Stock Smarts: Place Your Bets!

Stocks have rallied off recent lows, but the Dow and Nasdaq are still way off all-time highs set back in 2000.   Take a look: If you had invested $5,000 in the Dow Diamonds (DIA) on January 14, 2000, you would have $3,713 now.  Ouch!   Even worse, that same $5,000 invested in the Nasdaq 100 (QQQ) at the Nasdaq’s peak on March 10, 2000 is worth just $1,029 now.

So when the markets do make a serious comeback, which will rise faster and father: the Dow or the Nasdaq?

Wayne Rogers of Wayne Rogers & Co. thinks that the Dow will be the one to make the big comeback, as the Nasdaq is weighted too heavily in technology stocks. He says the big cap issues of the Dow have more potential, and they give you some security on the downside. In terms of Nasdaq stocks, you have to be very selective.

Hilary Kramer of Montgomery Asset Management says some of the tech companies can come back, but overall, it is going to be the Dow.  She believes 80% of the 30 Dow stocks are set for big gains (50%) over the next year. Overcapacity is still a problem in the tech sector, and that, she says, will keep the Nasdaq.

Jonas Max Ferris of Maxfunds.com has been very bearish on tech, but he is starting to come around on some of these stocks, for the simple reason that they are cheap. All the companies on the Nasdaq can be bought for less than the 30 Dow stocks – and, he says, value is the only reason to buy a stock.

Jonathan Hoenig of Capitalistpig Asset Management thinks that on a day-to-day basis, the Nasdaq is certainly more volatile than the Dow. And for that reason, the Nasdaq has the potential to come up faster and farther in a market turnaround. But he still thinks that we are not in a bull market yet, and that the bear market has yet to end.

Gregg Hymowitz of Entrust Capital says that companies have done a very good job over the past two years of cutting costs, and this will increase profits. Ultimately, this will help a comeback in tech spending, boosting beleaguered tech stocks. Dow stocks, right now, are not all that attractive. And people invest in technology because of history – investors are always looking for the next advance in technology.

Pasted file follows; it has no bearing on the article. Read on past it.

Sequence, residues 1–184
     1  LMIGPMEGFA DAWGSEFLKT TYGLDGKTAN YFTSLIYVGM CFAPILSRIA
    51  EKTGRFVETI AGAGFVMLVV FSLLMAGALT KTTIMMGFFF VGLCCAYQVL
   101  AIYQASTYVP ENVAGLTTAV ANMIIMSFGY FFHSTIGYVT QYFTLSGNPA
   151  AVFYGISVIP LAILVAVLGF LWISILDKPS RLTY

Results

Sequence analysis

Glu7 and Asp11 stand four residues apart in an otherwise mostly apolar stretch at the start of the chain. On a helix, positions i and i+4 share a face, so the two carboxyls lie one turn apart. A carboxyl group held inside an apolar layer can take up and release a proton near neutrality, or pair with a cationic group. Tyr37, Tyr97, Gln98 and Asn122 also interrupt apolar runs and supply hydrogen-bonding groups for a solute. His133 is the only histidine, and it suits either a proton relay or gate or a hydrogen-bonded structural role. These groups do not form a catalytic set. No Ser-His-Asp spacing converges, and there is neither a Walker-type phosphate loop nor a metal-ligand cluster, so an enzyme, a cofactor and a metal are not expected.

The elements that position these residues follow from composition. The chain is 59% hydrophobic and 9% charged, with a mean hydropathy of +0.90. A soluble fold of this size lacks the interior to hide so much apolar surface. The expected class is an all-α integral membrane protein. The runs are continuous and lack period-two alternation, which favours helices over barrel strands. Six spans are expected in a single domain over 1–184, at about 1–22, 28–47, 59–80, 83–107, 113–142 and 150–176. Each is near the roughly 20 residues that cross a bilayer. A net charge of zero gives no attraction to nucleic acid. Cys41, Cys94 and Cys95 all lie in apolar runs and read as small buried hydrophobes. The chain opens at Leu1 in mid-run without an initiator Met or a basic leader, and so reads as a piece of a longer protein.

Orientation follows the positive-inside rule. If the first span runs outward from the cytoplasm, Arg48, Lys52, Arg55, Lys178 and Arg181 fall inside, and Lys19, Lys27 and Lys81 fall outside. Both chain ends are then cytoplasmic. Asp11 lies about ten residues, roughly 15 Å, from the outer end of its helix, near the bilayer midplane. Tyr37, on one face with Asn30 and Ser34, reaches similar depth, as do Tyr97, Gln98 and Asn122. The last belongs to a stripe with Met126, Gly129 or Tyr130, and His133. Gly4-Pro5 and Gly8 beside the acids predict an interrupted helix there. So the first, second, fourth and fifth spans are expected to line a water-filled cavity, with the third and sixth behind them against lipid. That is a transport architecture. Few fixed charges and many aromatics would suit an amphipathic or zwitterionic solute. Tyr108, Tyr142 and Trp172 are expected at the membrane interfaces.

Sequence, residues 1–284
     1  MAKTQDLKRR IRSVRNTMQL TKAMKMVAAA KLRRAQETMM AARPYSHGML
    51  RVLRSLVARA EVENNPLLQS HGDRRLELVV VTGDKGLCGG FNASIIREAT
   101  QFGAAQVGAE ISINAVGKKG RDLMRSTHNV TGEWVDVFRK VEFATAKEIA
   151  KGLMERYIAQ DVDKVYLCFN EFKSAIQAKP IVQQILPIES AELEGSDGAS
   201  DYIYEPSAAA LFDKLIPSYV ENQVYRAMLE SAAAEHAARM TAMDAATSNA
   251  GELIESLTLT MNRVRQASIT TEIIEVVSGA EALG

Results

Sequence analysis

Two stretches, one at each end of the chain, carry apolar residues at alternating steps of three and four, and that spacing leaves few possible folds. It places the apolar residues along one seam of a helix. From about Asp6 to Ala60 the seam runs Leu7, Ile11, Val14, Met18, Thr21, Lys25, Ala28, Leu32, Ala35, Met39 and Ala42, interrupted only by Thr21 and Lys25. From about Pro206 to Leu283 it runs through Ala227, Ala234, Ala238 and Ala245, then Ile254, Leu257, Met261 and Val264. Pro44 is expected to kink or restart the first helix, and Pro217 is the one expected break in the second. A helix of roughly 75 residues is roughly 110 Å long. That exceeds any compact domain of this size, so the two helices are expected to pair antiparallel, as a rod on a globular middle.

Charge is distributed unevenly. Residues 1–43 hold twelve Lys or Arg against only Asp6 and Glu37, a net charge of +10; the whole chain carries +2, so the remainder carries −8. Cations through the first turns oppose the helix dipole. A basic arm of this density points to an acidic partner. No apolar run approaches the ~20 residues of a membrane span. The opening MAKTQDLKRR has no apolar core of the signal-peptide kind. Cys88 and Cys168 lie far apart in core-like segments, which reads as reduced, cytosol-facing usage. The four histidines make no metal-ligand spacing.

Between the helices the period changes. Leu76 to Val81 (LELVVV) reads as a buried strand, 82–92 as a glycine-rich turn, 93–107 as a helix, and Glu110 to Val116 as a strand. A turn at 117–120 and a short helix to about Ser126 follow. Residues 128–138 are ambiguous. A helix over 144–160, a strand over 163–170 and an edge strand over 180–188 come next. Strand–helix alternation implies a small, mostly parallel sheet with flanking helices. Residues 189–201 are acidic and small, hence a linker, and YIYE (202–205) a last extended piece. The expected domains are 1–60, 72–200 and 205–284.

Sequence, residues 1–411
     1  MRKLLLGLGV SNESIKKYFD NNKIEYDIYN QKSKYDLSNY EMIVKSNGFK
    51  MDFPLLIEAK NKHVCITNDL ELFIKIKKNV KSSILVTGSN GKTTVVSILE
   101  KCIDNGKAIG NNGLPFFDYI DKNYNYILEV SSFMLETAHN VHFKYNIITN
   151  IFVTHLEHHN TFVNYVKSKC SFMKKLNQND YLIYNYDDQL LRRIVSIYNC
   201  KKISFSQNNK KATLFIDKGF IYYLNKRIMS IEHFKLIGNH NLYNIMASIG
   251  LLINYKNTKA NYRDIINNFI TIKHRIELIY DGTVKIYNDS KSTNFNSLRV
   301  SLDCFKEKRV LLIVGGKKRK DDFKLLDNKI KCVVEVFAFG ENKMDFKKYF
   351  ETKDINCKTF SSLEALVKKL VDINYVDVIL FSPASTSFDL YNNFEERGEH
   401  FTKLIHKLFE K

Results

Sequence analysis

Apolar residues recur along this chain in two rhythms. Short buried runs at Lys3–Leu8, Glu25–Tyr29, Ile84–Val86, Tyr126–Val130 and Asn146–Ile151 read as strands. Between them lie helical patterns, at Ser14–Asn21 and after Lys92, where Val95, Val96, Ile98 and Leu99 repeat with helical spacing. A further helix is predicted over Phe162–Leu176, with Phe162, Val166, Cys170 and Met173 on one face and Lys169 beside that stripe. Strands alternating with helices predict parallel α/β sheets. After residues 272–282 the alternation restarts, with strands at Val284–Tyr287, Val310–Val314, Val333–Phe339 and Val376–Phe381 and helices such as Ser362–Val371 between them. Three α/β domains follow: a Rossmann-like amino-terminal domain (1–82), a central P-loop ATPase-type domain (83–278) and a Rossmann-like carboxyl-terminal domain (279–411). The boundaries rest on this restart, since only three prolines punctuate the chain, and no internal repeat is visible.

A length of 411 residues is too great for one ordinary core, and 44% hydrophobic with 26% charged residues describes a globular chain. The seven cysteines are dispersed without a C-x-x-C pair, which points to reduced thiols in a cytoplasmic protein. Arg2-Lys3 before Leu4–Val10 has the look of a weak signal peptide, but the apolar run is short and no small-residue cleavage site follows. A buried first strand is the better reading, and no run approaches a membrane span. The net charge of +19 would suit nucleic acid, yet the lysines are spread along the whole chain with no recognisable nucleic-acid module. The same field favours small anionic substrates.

Comeback Kid$

What are the best stock bets to make as the market battles back? Some members of the panel came up with some their favorite “Comeback Kids.” (All members of the panel own shares in the companies they recommended.)

Hilary’s Comeback Kid:
Duke Energy (DUK)
52-Week High: $41.35
52-Week Low: $18.10
8-9-02: $26.33

Hilary says this is a stock that should be in the mid-40’s. Gregg thinks the stock is too expensive, and there is no real upside to the stock. Wayne and Jonathan also don’t like Duke’s future prospects.
 
Gregg’s Comeback Kid:
MBNA (KRB)
52-Week High: $26.29
52-Week Low: $12.95
8-9-02: $19.24

Gregg says this is the best way to play the credit card business – a safe play. Wayne likes the company and is intrigued by the stock.

Jonathan’s Comeback Kid:
Scudder Intermediate Government Trust (KGT)
52-Week High: $7.40
52-Week Low: $6.50
8-9-02: $7.07

A play on bonds, which is an area Jonathan still thinks will grow – go where the action is. Gregg says this fund is too expensive and you should just buy bonds direct.

Wayne’s Comeback Kid:
General Electric (GE)
52-Week High: $43.11
52-Week Low: $23.02
8-9-02: $32.40

Another Dow stock that Wayne likes. Jonathan thinks these stocks will be in a trading range for a while. Gregg thinks it’s expensive, and Hilary doesn’t like the current management.

Mutual Fund Face-Off: Manic Market Funds

Market mood swings make for a manic investment climate. What you need is a mutual fund to help ride it out. Which one is the best for a crazy market? Dagen and Jonas came up with two potential winners.
 
Dagen – Dodge & Cox Balanced Fund (DODBX)
Minimum Investment: $2,500

Year-To-Date (as of 8-9-02): DOWN 5.9%
Last-Three Years (annualized, as of 8.9-02): UP 6.6%
Expenses: $5.40 for every $1,000 invested

Jonas – Dobson Covered Call Fund (DBCCX)
Minimum Investment: $1,000

Year-To-Date (as of 8-9-02): DOWN 14.8%
Last-Three Years (annualized, as of 8-9-02): DOWN 4.8%
Expenses: $15.00 for every $1,000 invested

Money Mail

Wayne, Dagen and Jonathan capped off the show by answering some of your questions.

Question: “I have been thinking about buying El Paso (EP). Should I wait until after August 14 to buy, or just go ahead now?”

Wayne: The August 14th date will totally matter – don’t take the risk and buy before the CEO sign-off deadline.

Dagen: Energy trading stocks are dangerous in the wake of Enron.

Jonathan: Not a place to put your money.

Question: “Why are analysts still moving markets when history has shown how wrong they are the majority of the time?”

Dagen: It’s a good question.  Maybe some institutional investors are still paying attention to analysts, but for the most part they have proven to be totally corrupt.  Maybe you should study technical analysis like Jonathan does because the charts don’t lie.

Wayne: Use a crystal ball.

Question: “What is your long-term outlook for Hewlett-Packard (HPQ)?”

Jonathan: Doesn’t look like there is much growth in this stock.

Wayne: The merger hurt this company.

Dagen: Still a lot of unanswered question about this stock to think about putting new money into it.

Transcripts

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